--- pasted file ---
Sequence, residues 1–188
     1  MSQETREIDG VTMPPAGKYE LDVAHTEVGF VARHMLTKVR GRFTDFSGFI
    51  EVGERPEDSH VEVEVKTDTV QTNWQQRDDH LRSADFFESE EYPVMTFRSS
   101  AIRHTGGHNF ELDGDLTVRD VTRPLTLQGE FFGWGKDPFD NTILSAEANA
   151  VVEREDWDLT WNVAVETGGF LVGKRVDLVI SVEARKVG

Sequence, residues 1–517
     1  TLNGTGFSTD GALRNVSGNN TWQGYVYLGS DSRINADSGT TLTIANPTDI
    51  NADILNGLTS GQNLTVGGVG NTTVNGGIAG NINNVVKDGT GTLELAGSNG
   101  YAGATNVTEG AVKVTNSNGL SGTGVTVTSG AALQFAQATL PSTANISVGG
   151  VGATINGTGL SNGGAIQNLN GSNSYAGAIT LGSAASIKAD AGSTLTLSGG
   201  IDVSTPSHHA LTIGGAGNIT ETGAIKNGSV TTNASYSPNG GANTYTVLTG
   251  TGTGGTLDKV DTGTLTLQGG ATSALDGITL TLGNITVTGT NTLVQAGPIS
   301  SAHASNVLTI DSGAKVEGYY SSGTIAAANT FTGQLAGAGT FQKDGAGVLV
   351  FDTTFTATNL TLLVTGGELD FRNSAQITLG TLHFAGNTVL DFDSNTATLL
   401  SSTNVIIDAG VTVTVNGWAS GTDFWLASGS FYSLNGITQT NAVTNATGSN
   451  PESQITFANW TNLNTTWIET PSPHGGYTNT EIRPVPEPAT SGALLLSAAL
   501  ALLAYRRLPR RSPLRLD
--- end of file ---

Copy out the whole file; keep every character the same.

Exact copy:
Sequence, residues 1–188
     1  MSQETREIDG VTMPPAGKYE LDVAHTEVGF VARHMLTKVR GRFTDFSGFI
    51  EVGERPEDSH VEVEVKTDTV QTNWQQRDDH LRSADFFESE EYPVMTFRSS
   101  AIRHTGGHNF ELDGDLTVRD VTRPLTLQGE FFGWGKDPFD NTILSAEANA
   151  VVEREDWDLT WNVAVETGGF LVGKRVDLVI SVEARKVG

Sequence, residues 1–517
     1  TLNGTGFSTD GALRNVSGNN TWQGYVYLGS DSRINADSGT TLTIANPTDI
    51  NADILNGLTS GQNLTVGGVG NTTVNGGIAG NINNVVKDGT GTLELAGSNG
   101  YAGATNVTEG AVKVTNSNGL SGTGVTVTSG AALQFAQATL PSTANISVGG
   151  VGATINGTGL SNGGAIQNLN GSNSYAGAIT LGSAASIKAD AGSTLTLSGG
   201  IDVSTPSHHA LTIGGAGNIT ETGAIKNGSV TTNASYSPNG GANTYTVLTG
   251  TGTGGTLDKV DTGTLTLQGG ATSALDGITL TLGNITVTGT NTLVQAGPIS
   301  SAHASNVLTI DSGAKVEGYY SSGTIAAANT FTGQLAGAGT FQKDGAGVLV
   351  FDTTFTATNL TLLVTGGELD FRNSAQITLG TLHFAGNTVL DFDSNTATLL
   401  SSTNVIIDAG VTVTVNGWAS GTDFWLASGS FYSLNGITQT NAVTNATGSN
   451  PESQITFANW TNLNTTWIET PSPHGGYTNT EIRPVPEPAT SGALLLSAAL
   501  ALLAYRRLPR RSPLRLD